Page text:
Caffé L’Aubette is an interior design project created by Dutch artist Théo Van Desbourg. Placed in a 18th century Baroque military building in Strasburg, it was part of greater reconstruction project which started in mid 20s of the last century. Reconstruction included designing of the café, tea room, two bars, billiard rooms and two banquet halls. They were fashioned in different geometric aesthetics by Théo and two more artists, Sophie Taeuber and her husband Hans Arp.
Desbourg’s project at Caffé L’Aubette was inspired by the De Stijl movement, as he was one of its founders along with Piet Mondrian. The Netherlands-based artistic movement Neo-plasticism gathered painters, architects, sculptors and decorative artists who shared a view that art should be expressed in a universal visual language, which they found in juxtaposing horizontal and vertical lines, creating geometrical forms. Two dimensional squarish geometric shapes in black, white and primary colours were used as the abstract language of this movement.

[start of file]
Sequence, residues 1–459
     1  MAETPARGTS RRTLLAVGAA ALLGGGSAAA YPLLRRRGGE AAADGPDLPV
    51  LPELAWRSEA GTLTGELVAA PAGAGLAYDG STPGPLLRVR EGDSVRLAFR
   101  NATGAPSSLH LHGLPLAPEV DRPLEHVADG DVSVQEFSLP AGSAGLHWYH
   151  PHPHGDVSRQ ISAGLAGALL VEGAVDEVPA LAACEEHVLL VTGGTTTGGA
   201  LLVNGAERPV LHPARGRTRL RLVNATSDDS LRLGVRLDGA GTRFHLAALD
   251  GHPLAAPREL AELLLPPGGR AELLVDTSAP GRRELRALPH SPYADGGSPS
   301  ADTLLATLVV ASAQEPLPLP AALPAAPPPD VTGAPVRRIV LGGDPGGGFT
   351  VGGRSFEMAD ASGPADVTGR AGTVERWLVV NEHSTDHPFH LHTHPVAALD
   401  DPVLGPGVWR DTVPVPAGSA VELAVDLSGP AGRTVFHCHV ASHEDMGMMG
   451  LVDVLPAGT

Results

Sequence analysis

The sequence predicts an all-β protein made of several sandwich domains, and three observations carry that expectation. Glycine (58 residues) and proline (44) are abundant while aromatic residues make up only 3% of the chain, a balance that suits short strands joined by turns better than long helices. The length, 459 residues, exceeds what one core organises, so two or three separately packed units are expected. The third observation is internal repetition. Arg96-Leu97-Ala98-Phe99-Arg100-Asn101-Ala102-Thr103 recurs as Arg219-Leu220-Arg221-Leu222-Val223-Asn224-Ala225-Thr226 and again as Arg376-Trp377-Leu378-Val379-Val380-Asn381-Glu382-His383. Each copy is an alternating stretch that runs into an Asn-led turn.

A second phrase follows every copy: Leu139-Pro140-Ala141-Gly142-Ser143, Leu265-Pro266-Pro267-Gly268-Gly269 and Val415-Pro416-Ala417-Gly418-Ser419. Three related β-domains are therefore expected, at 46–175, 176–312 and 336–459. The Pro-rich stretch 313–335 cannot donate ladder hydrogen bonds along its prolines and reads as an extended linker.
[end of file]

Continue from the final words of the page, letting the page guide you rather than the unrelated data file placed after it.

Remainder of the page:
However, Deosbourg wanted to implement expressiveness in this project and to create a more dynamic space. Although restricted with financial limitations, Théo van Desbourg came through with what he intended by using aluminum, mirrors, glossy nickel and painted panels. He also managed to create visual tension of a Ciné-dancing hall by applying his own theory of Elementarism. On one hand, walls were covered with grids of brightly coloured rectangles tilted at a 45-degree angle to the ground and mirrors reflecting it. On the other, orientation of windows, doors and furniture was commonly placed at 90-degree angle.
His intention to consolidate more than one art, such as painting, architecture, audio-visual art, music and kinetic art, into one space was realized. He made Gesamtkunstverk out of Ciné-dancing hall. Although, we might guess that the opening of Caffé L’Aubette wasn’t according to his taste. It was opened on February 17th, 1928. in a nationalist atmosphere. Film of the French Army’s entry into Strasbourg after the defeat of the German empire in World War I was played echoing French Army March – Sambre et Meuse.